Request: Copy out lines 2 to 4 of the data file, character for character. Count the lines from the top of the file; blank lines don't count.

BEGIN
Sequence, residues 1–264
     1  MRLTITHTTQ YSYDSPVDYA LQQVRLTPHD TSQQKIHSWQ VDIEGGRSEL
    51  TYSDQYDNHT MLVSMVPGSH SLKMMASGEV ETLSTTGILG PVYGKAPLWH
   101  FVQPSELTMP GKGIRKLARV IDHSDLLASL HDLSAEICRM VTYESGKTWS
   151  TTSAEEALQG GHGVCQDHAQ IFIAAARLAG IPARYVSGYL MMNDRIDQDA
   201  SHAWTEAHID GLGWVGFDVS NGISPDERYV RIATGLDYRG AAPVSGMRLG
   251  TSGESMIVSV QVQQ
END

     1  MRLTITHTTQ YSYDSPVDYA LQQVRLTPHD TSQQKIHSWQ VDIEGGRSEL
    51  TYSDQYDNHT MLVSMVPGSH SLKMMASGEV ETLSTTGILG PVYGKAPLWH
   101  FVQPSELTMP GKGIRKLARV IDHSDLLASL HDLSAEICRM VTYESGKTWS